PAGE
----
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How Do Drugs and Alcohol Affect Sleep Apnea?

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discover how alcohol affects sleep apnea

With headlines of Carrie Fisher’s death being linked to Sleep Apnea and drug use, it’s important to understand how drugs and alcohol affect Sleep Apnea. This common sleep disorder can eventually lead to serious health complications and dramatically impact your overall health and wellness. Adding alcohol consumption and drug use can further exacerbate symptoms of Sleep Apnea.

Understanding Sleep Apnea

Before we get into the effects of consuming drugs or alcohol while suffering from Sleep Apnea, let’s look at what happens when Sleep Apnea strikes. The muscles in the throat tend to relax, increasing the potential for the throat to close the airway. This narrowing leads to shallow breathing or even a total cessation of breathing several times throughout the night. During these apneas, the brain and the rest of the body are not receiving oxygen, causing the dangerous health implications of Sleep Apnea. Knowing what happens under this condition can be helpful in understanding how drugs and alcohol affect Sleep Apnea.

How Does Alcohol Affect Sleep Apnea Symptoms?

You might be thinking, “Having a drink can help me sleep better. How would alcohol affect Sleep Apnea?” Alcohol is a central nervous system depressant, which refers to its ability to slow down the normal rate of communication between the brain cells and the spinal cord. Since breathing is controlled by the central nervous system, consuming alcohol can trigger breathing issues that can amplify Sleep Apnea symptoms in some individuals. Breathing tends to become shallower, and those who consume alcohol in excess (more than one drink per hour) put themselves at much greater risk of airway blockage.

The possible results of alcohol consumption include increased Sleep Apnea episodes, a reduced amount of oxygen the body is able to take in through normal breathing, and hypercapnia or excessive amounts of carbon dioxide in the blood. Individuals with diagnosed Sleep Apnea can subject their bodies to severe levels of stress if alcohol consumption happens too often or excessively.

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What Happens When You Take Medication with Sleep Apnea?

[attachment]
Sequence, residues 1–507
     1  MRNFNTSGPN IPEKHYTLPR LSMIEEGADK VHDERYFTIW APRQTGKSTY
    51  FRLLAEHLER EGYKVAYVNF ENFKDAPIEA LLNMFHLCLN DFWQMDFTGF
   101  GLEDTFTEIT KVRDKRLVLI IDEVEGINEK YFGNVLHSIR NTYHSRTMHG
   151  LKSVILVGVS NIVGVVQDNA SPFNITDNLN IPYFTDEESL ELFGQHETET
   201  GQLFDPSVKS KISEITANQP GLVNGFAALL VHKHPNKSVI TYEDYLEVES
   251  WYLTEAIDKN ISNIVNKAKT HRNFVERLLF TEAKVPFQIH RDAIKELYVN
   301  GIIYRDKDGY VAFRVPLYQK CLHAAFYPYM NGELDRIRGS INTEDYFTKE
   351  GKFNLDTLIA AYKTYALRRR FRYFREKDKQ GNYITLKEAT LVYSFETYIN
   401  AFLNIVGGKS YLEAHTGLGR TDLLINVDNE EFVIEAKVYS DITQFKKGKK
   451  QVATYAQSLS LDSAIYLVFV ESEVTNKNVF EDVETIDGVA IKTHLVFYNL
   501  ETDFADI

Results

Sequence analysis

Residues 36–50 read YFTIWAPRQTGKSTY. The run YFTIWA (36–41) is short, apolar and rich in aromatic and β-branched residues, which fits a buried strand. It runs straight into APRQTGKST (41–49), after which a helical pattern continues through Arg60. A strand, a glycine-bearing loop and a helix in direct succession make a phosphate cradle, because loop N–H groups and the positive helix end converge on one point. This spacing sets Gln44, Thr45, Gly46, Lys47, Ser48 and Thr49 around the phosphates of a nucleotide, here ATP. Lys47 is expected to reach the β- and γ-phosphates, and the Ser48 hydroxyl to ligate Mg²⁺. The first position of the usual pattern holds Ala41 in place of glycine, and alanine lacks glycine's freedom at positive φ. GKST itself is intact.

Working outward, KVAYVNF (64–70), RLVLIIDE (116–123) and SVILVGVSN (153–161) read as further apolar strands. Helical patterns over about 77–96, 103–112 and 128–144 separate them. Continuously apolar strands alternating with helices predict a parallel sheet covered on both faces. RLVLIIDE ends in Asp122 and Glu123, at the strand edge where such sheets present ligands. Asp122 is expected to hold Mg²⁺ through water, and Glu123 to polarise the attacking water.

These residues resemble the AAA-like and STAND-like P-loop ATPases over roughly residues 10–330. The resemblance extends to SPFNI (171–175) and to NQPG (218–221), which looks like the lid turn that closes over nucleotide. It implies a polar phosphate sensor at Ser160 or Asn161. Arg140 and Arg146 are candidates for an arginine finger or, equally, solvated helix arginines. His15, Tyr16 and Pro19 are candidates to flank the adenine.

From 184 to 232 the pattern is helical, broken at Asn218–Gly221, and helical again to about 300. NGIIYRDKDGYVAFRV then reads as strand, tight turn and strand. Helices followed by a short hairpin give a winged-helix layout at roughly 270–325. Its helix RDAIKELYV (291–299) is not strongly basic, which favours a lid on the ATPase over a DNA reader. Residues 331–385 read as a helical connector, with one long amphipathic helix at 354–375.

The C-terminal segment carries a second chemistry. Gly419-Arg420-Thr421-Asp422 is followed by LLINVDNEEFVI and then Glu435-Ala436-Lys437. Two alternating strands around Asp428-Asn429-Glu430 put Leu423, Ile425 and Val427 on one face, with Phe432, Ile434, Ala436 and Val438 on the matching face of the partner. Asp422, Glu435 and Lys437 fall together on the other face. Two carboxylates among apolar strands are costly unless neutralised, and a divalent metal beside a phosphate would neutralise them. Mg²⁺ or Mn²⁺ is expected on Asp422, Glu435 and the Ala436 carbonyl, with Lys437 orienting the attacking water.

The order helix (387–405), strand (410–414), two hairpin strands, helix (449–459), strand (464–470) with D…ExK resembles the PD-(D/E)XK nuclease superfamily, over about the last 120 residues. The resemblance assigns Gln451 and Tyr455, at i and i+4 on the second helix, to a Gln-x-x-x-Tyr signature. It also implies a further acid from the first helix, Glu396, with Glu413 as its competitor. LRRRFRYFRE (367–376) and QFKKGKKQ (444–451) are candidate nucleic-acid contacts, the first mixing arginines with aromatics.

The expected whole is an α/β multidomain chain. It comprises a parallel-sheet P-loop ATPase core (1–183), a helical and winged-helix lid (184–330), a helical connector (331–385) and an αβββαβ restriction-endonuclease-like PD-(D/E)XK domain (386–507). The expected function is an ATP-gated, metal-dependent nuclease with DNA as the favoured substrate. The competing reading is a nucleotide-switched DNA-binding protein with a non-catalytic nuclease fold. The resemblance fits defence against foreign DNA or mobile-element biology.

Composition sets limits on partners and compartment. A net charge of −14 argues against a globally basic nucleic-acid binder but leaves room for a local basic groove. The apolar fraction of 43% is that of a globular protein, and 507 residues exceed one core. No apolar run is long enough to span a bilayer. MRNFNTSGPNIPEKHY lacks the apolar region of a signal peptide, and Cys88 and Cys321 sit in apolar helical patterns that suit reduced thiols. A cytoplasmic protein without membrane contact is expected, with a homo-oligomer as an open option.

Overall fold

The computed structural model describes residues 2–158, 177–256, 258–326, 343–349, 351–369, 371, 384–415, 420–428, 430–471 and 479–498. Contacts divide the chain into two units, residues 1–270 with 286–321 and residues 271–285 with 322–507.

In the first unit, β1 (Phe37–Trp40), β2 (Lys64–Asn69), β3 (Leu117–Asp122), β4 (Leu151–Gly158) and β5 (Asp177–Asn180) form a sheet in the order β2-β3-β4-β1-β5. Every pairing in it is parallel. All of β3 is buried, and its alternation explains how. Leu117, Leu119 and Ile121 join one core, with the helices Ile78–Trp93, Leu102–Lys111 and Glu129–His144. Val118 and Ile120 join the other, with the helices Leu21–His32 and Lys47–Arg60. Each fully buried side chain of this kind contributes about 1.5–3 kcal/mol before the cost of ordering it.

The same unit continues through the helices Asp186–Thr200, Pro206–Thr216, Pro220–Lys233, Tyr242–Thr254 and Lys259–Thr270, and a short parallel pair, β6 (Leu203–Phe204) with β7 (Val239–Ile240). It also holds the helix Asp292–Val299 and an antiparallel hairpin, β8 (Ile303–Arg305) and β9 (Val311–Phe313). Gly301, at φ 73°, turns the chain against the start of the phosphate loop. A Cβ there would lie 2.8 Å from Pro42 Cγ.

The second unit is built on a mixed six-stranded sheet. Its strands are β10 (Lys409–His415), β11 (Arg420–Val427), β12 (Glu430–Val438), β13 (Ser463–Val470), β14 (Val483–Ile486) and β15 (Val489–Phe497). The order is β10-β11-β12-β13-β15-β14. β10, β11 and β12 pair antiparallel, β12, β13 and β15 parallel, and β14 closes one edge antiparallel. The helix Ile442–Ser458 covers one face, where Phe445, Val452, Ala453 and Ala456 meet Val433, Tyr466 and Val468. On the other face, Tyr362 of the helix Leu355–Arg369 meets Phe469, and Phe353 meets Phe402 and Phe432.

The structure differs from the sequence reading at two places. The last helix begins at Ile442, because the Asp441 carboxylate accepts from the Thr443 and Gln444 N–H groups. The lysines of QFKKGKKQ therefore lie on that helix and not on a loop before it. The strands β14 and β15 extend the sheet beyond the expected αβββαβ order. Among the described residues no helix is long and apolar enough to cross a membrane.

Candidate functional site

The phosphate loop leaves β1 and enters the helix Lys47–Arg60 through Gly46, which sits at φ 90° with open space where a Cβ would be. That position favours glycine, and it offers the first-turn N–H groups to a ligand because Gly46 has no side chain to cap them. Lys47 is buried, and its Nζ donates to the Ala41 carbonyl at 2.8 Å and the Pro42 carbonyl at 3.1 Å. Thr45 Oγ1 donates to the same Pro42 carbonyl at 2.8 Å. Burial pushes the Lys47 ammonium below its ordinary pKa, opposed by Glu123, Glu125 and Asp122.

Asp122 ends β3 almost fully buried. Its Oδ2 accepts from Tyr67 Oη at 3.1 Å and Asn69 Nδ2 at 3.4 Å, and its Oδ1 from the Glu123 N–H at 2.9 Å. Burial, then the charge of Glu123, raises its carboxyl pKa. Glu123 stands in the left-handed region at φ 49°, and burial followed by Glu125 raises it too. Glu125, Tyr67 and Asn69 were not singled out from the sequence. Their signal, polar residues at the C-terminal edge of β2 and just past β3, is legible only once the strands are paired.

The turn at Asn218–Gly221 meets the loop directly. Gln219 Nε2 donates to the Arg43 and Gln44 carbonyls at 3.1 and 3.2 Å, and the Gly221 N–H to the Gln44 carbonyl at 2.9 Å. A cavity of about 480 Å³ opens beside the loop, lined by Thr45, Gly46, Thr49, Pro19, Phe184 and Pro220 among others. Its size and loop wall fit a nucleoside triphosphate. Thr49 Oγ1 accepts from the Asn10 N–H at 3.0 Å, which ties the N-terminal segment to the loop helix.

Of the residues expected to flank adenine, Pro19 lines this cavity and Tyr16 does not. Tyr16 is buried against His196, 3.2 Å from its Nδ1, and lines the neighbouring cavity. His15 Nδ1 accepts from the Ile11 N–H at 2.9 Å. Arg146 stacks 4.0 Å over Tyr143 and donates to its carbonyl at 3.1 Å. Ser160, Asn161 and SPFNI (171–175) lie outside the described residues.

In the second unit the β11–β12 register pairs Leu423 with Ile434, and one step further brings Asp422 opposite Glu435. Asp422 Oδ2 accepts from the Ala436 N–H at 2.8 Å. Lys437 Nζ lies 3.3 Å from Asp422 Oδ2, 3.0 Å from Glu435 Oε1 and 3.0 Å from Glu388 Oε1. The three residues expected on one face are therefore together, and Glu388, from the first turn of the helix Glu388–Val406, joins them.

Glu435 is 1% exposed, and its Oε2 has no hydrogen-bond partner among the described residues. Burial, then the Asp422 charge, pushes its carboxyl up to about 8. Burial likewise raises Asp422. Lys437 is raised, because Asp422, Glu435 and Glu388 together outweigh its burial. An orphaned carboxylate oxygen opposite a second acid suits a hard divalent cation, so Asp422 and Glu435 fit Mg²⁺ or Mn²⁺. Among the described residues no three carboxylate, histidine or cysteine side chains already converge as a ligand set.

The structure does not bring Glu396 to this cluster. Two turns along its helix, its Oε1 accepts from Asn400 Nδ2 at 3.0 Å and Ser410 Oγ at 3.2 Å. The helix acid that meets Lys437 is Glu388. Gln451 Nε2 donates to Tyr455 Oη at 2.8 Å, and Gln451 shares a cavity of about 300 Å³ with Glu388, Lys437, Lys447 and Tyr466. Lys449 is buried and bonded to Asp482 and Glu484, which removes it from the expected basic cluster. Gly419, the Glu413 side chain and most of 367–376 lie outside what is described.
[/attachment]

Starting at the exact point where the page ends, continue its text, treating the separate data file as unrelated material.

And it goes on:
While various medications, both prescription and non-prescription, tend to affect people differently, there are several drug groups that can exacerbate Sleep Apnea symptoms. Anti-anxiety medicine, like benzodiazepines, are often used as a sedative during surgery or are given to individuals to use occasionally to help manage anxiety. Just like how alcohol slows down the response rates throughout the central nervous system, these types of drugs can do the same, effectively triggering central or obstructive Sleep Apnea.

Opioids are another class of drug that can have a great impact on Sleep Apnea sufferers. Generally used in painkillers or cough medicine, opioids may induce sleepiness and fatigue, as well as minimize pain, but can lead to breathing-related problems if used excessively. Accidental suffocation is another real concern for Sleep Apnea patients who are prescribed opioids for pain. Most physicians will refrain from prescribing either of these common medications if you disclose that you have Sleep Apnea, as the risks are simply too great.

Other prescription drugs that can cause sleep issues are:

  • Antidepressants
  • Diet pills
  • Inhaled respiratory drugs
  • High blood pressure drugs, like beta blockers
  • Steroids, including prednisone
  • ADHD stimulant medications
  • Oral contraceptives, or hormones

Non-prescription drugs can also cause sleep issues and make Sleep Apnea symptoms worse. Some of the leading offenders are:

  • Cough and cold medicines
  • Painkillers with caffeine
  • Sudafed, or anything with pseudoephedrine
  • Nicotine, whether taken via a patch or through tobacco use

Drugs and alcohol are not a good mix for a restful night’s sleep, especially if you already suffer from Sleep Apnea. It may only exacerbate the effects of Sleep Apnea. If you’re concerned about Sleep Apnea symptoms in yourself or a loved one, make sure that you are properly diagnosed. When you understand how drugs and alcohol affect Sleep Apnea, you can start receiving treatment to alleviate symptoms and help you breathe, sleep, and live better.

  • Daniela Brannon

    Daniela has researched and published over 60 articles covering topics that aim to inform and empower people living with Sleep Apnea. As an avid reader and researcher, Daniela continues to grow her knowledge about Sleep Apnea and CPAP therapy everyday with the help of coworkers, CPAP.com customers, and members of other CPAP communities online.

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One Response

  1. Hayfever and common household allergens caused absolute HAVOC in the Spring and Fall. I lived with this condition since I was 20. I could anticipate 10 horrid days in the Spring and in the Fall and took the recommended anti-allergen meds for years. They helped, but there was no cure for me. HOWEVER, after several troublesome months “fighting” my cpap mask, I realized the Fall allergies of 2016 did NOT HAPPEN.
    I kept “waiting for the other shoe to fall”, anticipating the hayfever agony. NONE! The Spring of 2017 brought some nasty itchy eye days, but right now, it’s September and I have no symptoms. (I still “fight with my cpap mask”. )

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